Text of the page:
11. We Are Who We Are (HBO)
I was not planning to watch this coming-of-age story about teenagers on a US army base in Italy, but then I saw Chloe Sevigny was in it as the main character’s mother, and I have this irrational love for her going on nearly two decades now. So I watched it weekly when it was on, and as a millennial, it was certainly a different vibe watching Gen Z teens explore their sexuality in a foreign country under the gaze of the military and the 2016 election (there is a hilarious MAGA hat scene).
However, this is not a series about politics, though conservatives would certainly appreciate it less as it is a very pro-queer story. It’s kind of like a lighter, arthouse version of Euphoria, but mostly carefree instead of serious. Something you would watch in the summer to take in the atmosphere and music. The ending is also really well done, and that could be the ending for good if they keep it as a limited series.
10. Your Honor (Showtime)
We are only two episodes into this one with eight more to air, but I am projecting good things here. How can it not be good with Bryan Cranston as the lead with a strong premise? He plays a judge and his son just did a hit-and-run to accidentally kill a big-time mobster’s son. That happens quickly in the pilot too. I would have liked to see another scene with the mobster’s son alive to see if I should even feel bad he’s dead, but oh well. I’m sure we’ll quickly learn this family is trash and we’ll be rooting for Cranston to get away with everything in a way Walter White couldn’t.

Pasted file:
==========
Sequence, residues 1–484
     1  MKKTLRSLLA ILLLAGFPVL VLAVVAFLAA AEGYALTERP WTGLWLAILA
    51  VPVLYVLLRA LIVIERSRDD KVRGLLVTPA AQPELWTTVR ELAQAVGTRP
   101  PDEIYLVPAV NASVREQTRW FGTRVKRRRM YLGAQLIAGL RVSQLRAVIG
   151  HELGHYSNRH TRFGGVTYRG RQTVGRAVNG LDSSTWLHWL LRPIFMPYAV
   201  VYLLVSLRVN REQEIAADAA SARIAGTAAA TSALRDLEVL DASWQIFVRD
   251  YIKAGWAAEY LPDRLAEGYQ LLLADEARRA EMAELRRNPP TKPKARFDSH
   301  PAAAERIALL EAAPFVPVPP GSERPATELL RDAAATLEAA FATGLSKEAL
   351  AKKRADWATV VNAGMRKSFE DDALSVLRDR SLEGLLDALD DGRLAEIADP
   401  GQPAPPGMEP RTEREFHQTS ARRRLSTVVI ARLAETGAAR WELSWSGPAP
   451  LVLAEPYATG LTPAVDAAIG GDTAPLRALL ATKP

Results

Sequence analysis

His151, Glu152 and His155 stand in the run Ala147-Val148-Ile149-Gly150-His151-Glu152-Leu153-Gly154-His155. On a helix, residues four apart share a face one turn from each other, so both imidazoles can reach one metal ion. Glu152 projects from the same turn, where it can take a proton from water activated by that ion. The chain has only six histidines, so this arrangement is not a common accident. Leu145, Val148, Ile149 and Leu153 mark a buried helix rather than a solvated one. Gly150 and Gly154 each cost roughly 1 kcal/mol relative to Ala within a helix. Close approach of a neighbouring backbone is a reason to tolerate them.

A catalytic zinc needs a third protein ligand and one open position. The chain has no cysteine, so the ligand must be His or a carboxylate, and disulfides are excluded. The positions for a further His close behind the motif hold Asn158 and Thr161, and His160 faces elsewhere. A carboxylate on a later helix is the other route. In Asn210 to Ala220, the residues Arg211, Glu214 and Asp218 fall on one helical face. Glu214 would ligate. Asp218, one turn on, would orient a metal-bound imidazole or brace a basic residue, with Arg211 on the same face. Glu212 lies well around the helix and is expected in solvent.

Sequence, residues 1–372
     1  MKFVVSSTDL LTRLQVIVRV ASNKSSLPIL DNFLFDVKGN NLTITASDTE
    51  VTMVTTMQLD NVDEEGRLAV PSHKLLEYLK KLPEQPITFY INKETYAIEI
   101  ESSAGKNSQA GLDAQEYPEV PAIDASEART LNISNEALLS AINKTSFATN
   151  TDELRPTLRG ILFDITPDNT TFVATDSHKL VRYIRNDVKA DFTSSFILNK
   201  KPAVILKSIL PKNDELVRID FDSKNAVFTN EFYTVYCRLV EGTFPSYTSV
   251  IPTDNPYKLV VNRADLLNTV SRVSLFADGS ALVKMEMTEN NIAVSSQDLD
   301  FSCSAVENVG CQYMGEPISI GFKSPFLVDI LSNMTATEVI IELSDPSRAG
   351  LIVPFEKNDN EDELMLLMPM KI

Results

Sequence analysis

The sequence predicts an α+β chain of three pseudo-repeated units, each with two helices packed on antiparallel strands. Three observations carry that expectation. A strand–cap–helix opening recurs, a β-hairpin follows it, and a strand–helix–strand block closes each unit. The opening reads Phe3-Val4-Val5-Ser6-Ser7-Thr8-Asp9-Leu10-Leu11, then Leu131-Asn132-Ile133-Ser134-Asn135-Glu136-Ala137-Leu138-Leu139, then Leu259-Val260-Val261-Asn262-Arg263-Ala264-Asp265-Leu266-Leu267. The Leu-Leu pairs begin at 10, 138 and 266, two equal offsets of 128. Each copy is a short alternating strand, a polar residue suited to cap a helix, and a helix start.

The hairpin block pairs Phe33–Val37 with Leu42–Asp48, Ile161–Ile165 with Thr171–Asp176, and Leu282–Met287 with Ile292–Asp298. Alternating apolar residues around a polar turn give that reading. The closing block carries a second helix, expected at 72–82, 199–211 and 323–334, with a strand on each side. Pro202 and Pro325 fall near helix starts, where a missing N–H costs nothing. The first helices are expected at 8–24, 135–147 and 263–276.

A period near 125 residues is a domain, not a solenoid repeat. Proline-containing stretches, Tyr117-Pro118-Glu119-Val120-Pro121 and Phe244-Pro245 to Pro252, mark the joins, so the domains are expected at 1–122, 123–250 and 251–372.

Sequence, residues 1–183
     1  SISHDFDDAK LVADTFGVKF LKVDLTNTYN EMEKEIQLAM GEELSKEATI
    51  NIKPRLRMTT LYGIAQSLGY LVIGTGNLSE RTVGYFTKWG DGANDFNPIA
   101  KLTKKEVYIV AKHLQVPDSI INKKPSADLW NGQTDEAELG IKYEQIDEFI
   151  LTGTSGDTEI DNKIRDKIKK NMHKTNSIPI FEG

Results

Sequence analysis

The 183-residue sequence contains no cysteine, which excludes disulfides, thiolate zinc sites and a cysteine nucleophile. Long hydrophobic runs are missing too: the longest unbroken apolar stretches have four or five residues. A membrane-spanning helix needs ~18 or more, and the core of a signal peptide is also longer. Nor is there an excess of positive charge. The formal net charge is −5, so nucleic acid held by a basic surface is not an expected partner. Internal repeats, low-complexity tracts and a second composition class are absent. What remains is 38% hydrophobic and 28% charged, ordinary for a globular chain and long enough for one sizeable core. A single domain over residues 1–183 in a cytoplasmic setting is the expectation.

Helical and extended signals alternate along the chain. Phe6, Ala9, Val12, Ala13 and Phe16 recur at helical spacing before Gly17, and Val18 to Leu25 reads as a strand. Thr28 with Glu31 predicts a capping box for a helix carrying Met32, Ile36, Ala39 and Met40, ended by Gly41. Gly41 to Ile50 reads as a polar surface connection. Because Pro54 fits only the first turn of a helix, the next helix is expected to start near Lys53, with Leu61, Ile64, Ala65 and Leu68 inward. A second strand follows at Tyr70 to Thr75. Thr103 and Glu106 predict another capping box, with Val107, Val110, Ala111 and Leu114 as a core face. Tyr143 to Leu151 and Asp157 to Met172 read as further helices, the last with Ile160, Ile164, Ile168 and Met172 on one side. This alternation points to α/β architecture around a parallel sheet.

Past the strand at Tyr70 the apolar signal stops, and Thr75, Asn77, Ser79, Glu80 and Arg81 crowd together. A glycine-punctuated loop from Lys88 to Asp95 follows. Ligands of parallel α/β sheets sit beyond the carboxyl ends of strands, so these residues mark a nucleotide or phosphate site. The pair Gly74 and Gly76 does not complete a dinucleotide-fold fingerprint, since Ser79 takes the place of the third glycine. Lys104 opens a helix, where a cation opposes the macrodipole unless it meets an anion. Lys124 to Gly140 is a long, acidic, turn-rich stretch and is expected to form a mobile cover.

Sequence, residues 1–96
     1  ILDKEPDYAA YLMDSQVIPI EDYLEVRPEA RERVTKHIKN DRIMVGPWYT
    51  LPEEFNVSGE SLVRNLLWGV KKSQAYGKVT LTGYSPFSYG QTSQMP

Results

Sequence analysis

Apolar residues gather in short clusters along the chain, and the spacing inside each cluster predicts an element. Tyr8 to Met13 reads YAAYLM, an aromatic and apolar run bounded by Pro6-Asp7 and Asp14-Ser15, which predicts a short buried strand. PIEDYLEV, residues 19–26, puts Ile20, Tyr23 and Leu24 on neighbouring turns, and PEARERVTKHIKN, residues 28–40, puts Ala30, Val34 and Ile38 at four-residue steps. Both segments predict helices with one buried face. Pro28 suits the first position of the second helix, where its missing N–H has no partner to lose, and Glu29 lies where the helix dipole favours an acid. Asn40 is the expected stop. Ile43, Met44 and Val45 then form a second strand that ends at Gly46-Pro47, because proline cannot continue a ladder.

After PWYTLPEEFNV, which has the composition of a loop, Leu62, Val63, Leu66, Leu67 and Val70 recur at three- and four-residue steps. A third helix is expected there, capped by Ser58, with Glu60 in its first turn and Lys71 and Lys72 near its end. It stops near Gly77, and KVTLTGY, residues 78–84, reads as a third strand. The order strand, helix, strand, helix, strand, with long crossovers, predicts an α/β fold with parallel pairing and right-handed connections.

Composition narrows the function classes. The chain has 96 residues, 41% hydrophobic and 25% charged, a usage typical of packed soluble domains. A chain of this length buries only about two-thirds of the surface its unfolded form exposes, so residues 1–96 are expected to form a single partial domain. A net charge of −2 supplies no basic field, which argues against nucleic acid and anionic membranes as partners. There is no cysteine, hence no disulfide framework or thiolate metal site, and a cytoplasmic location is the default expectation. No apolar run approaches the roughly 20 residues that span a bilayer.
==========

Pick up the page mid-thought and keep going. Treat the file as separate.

9. I Know This Much Is True (HBO)
Mark Ruffalo is excellent in this mini-series where he plays twins with the paranoid schizophrenic brother needing the other’s help. You know this was well done when Rosie O’Donnell was in it and I didn’t even hate her character. It is depressing material without any real replay value, so it was a perfect binge during the pandemic but may not be remembered fondly down the road.
8. Devs (FX on Hulu)